Everyone gets up at night to use the restroom from time to time, and doing so occasionally is not a cause for concern. However, if an elderly loved one is in the habit of awakening every night to use the restroom, this may be a condition called nocturia. Nocturia can be disruptive to those who suffer from it, and it can also be an indication of a more serious underlying medical issue.
Issues related to nocturia
Aside from the obvious issue of sleep disruption, nocturia can lead to an increased risk of injury from tripping and falling. Elderly people must be especially aware of their surroundings at all times in order to minimize the risk of a fall, and getting up to go to the bathroom in the middle of the night--when their vision may be impaired and they may be groggy and disoriented--can sometimes result in an increased danger of tripping and falling.
In addition, although nocturia may not be a serious issue in and of itself and is sometimes completely unrelated to any other serious conditions, sometimes it can be a sign of an underlying medical issue. Some issues that can lead to nocturia include elevated sugar or calcium levels in the blood, some types of kidney diseases, a possible urinary tract infection, an imbalance in hormones in the body, water retention in the lower extremities, and sleep disorders. There are any number of other conditions which may--but do not always--result in nocturia, so an elderly person dealing with nocturia should consult a medical professional for a more thorough exploration of the possible underlying conditions.
Things to keep in mind
Note that nocturia differs from person to person in the severity of its symptoms. One person may get up several times each night, whereas another may rise only once or twice. In cases such as the latter, nocturia may be seen as little more than a slight inconvenience and may not warrant remedial steps unless the condition worsens.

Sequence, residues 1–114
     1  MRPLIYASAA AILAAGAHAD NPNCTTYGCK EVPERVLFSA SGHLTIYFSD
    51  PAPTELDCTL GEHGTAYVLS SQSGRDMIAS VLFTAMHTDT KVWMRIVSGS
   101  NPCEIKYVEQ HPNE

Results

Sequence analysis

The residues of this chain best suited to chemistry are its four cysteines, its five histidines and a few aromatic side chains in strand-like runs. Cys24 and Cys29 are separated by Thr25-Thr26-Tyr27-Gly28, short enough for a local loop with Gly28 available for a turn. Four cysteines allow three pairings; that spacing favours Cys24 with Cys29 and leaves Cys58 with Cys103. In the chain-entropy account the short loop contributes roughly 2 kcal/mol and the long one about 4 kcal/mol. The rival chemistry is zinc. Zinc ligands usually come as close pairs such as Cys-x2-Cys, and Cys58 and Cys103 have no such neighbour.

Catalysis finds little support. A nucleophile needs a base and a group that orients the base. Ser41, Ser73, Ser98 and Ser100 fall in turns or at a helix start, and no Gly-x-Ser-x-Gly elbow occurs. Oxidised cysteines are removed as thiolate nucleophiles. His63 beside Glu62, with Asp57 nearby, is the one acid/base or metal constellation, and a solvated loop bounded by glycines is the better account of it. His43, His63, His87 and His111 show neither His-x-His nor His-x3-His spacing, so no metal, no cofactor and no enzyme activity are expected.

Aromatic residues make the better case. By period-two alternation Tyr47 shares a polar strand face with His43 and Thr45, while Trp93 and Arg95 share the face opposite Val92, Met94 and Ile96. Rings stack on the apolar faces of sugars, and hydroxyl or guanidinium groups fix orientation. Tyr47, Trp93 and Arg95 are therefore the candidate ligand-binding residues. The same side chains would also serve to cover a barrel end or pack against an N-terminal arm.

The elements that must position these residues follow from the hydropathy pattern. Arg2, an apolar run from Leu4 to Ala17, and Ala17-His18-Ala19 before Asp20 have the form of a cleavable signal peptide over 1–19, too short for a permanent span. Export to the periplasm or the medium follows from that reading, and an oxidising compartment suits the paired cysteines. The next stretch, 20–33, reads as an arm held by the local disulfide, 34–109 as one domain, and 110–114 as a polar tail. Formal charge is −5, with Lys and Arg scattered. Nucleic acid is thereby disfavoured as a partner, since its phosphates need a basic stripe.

In addition, frequent night time urination is more commonly associated with serious medical issues in males than in females. Nocturia in a woman may be caused by something as benign as having had a hysterectomy or the body's changing hormone levels during such times as menopause. As such, nocturia in and of itself is not too much cause for concern unless an elderly woman's doctor says otherwise.
A woman over the age of 40 who suffers from nocturia should be encouraged to consider taking simple precautionary measures such as installing adequate lighting in the hallways, bathrooms, and living areas of the home to reduce any chance of stumbling and tripping in the dark. Further, the woman's healthcare professional should be made aware of the condition so that he or she may investigate the matter and determine if any other actions are necessary.
Nocturia may simply be an issue of drinking too much, too late in the evening. Sufferers or their caregivers do well to adjust fluid intake in the evenings and see if that resolves the issue. It is well to keep in mind that certain fluids such as tea and coffee actually increase urinary output (in addition to disrupting sleep in many people). Such diuretics should be avoided in the evenings.
While nocturia is not in and of itself a dangerous condition, it can result in disrupted sleep and lead to an increased danger of tripping and falling. It may not be indicative of any serious underlying issue, or it may indicate the presence of a medical condition that could warrant further treatment.
Nocturia should result in a consultation with an appropriate healthcare professional to rule out any serious related conditions. Once that preliminary step has been taken, sufferers and/or their caregivers can take actions to reduce the severity of the nocturia and the elevated risks that come with it.
Installing good lighting in the living areas of the home, and making sure that all tripping hazards such as cords, loose rugs, and so on are secured and not in the path between the bed and the bathroom limit some of the hazards of nocturia. Limiting fluid intake after 5 p.m. and reducing the use of beverages containing caffeine, which increases the rate of urine production, may eliminate nocturia altogether.
Hsu, A., Nakagawa, S., Walter, L.D., Van Den Eeden, S. K., Brown, J.S., Thom, D. H., Lee, S. J., Huang, A. J. (January 2015). The Burden of Nocturia Among Middle-Aged and Older Women. Obstetrics & Gynecology, 125(1): 36-45. Available at http://www.ncbi.nlm.nih.gov/pmc/articles/PMC4286307/. Retrieved July 13, 2016.
Stewart, R. B., Moore, M. T, May, F. E., Marks, R.G., Hale, W. E. (December, 1992). Nocturia: A Risk Factor for Falls in the Elderly. Journal of the American Geriatrics Society, 40(12): 1217-1220.